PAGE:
The cost of physical card has been dropped!!! :)


#1

Wow. Unless that’s a bug, I can now see that ordering a first physical card- I currently have no cards on my account- is now 9PLN. Used to be 25PLN.

FAQ’s not been updated, no-one in Revolut actually advertised this positive change. Well unless of course that’s a bug :wink:
Can someone based in eurozone or UK can check if your card prices were lowered too? Or is it just because of extremely competitive Polish banking market?

BTW- still would want to see a truly modern and competitive approach- why not take even 25PLN but refund it fully for a certain amount spent by card, like 1000PLN in 2 months or so.


#2

Hey @revofan,

That’s not a bug at all :slightly_smiling_face:

We are exploring different pricing structures in different markets to see what works best.

Best,

Andreas K.


#3

Well so for 9PLN you got myself convinced already. Got my card ordered for 9, 25 was not worth it :slight_smile:

And to sort of speak not in favor of my recent action but… let me objectively recommend something that’d definitely bring a lot more success in Polish market.

There’s a reason why I said ‘not worth it’… it’s clearly not about the price of 2 beers in Krakow’s Market Square. Polish banking market has got us used to basic functionalities either just “for free” or “conditionally free”. We’re sooo allergic to paying for any basic services like accounts and debit cards.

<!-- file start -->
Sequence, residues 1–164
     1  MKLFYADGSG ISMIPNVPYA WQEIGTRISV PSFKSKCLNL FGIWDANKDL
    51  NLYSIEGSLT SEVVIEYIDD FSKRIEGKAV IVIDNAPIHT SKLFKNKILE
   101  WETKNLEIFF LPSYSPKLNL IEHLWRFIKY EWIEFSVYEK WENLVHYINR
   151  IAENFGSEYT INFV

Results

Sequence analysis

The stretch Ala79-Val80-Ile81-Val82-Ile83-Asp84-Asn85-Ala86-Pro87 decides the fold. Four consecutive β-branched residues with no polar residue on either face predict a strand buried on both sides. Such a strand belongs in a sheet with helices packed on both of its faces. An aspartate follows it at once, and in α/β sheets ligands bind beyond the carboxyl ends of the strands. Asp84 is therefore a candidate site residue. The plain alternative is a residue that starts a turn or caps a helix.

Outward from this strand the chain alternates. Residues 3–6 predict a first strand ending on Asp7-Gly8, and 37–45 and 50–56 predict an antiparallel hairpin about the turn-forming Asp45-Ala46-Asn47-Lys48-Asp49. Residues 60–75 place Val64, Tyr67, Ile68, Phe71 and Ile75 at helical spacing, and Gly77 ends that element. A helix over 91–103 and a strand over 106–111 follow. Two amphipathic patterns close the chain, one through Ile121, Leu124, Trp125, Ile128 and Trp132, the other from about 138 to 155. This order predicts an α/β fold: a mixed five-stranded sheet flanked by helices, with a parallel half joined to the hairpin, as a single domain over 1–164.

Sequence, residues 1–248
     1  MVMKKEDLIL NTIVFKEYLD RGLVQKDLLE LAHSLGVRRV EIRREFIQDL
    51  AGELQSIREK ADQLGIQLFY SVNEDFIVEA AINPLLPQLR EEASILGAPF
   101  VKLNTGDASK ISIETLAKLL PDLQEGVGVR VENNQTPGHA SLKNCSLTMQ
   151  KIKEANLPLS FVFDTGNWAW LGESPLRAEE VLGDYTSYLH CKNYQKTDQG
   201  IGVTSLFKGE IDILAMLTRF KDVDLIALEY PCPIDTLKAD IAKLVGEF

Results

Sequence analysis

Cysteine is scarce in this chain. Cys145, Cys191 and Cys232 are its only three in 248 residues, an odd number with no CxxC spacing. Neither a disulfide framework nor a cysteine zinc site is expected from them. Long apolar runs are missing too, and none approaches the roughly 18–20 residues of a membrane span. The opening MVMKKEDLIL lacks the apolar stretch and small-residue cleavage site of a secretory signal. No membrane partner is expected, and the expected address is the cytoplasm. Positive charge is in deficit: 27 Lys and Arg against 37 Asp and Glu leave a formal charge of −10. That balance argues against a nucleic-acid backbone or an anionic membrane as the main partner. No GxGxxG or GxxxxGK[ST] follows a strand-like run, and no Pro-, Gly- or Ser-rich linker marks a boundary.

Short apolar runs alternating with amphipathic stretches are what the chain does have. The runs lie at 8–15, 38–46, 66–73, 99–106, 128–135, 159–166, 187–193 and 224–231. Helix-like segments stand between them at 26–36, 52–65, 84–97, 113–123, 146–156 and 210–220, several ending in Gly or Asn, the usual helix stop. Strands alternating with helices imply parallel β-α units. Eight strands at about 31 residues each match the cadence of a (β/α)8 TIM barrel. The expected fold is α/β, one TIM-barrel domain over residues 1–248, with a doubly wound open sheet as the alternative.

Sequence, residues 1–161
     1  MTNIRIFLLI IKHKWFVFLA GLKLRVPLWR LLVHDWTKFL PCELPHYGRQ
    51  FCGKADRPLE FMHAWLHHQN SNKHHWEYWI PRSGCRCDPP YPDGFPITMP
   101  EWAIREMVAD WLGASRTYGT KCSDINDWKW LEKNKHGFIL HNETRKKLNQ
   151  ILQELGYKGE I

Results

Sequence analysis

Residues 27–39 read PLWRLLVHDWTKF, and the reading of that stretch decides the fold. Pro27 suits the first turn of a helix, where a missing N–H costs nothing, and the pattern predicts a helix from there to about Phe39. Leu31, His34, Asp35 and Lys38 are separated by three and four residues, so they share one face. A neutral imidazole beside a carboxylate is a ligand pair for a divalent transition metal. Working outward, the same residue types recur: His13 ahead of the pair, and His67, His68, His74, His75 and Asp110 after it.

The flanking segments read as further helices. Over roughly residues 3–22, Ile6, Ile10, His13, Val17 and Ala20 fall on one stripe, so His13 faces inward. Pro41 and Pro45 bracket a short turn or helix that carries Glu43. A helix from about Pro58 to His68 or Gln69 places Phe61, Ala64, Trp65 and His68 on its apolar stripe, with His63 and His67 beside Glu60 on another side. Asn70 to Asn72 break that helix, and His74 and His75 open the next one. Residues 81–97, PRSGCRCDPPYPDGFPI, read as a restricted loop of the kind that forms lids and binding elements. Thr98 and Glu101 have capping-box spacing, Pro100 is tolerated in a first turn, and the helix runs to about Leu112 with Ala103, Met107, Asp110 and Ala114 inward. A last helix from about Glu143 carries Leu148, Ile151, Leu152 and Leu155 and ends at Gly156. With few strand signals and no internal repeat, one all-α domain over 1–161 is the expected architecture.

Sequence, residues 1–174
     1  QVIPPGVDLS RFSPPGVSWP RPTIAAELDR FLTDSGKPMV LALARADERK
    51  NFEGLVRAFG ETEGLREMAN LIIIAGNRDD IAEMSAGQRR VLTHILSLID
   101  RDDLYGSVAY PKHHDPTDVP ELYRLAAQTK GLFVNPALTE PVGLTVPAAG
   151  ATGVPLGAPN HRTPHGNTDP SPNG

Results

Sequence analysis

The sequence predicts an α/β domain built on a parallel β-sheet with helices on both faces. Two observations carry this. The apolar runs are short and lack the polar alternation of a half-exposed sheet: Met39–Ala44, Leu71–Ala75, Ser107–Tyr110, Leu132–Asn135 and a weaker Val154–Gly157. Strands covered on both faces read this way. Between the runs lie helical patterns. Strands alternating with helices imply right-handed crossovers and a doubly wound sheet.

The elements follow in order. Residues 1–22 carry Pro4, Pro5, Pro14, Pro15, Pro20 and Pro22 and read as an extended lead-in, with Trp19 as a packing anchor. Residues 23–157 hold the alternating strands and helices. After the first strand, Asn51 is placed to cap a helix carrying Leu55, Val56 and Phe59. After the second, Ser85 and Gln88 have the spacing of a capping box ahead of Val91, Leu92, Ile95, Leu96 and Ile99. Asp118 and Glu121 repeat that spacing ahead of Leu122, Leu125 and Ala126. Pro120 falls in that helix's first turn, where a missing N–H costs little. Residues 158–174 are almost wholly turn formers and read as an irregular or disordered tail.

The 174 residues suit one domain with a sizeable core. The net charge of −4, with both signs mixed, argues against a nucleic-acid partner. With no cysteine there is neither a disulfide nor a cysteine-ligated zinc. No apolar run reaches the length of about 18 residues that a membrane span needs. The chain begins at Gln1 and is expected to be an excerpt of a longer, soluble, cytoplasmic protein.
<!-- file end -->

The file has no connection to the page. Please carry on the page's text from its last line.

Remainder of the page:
As much as I know Revolut card is probably “really” worth 100euros or more, in order to market it in Poland, simply make its cost back up to 25-30PLN but waive the fee for anyone who spends like 1000PLN over the course of 2-3 months, let’s say.
Or put any other condition that’d cover the cost and will let you make some money on interchange- and at the same time, get people used to actually using the card!
That’s what banks do here and are super-successful.

BTW your closest competition here is Alior Kantor - their currency cards are totally free if you make any transaction over the course of 6 months. I do own these cards so there was no motivation at all to pay 25PLN for pretty much the same thing.
Other currency cards from banks are usually free, too.

Revolut’s fantastic idea to convert with interbank rates on the fly is unbeatable and your mobile app is a champion- for now.
So there you go guys, 9PLN is yours.

Let’s wait for other players to join - Igoria, Transferwise. It’s going to be a very interesting market pretty soon :slight_smile:


#4

2€ for the card? @AndreasK when in Greece we have to pay 6?6€ here is two labor hours my friend…(net salary)!an explanation for this discrimination should be immediate.


#5

It’s not about “discrimination” but about the market reality, my Greek friend.

Polish banking market is ultra modern and robust so pricing has to be different and that’s why Revolut made their move. Right about time.

I hope you don’t think there’s anything wrong in different pricing policy per country, do you?

I have to pay a lot more for Feta and Kalamata Olives here to get myself a Horiatiki salad. I don’t feel discriminated against at all. I’m dead serious about it- I love it, just as I love Greece.


#6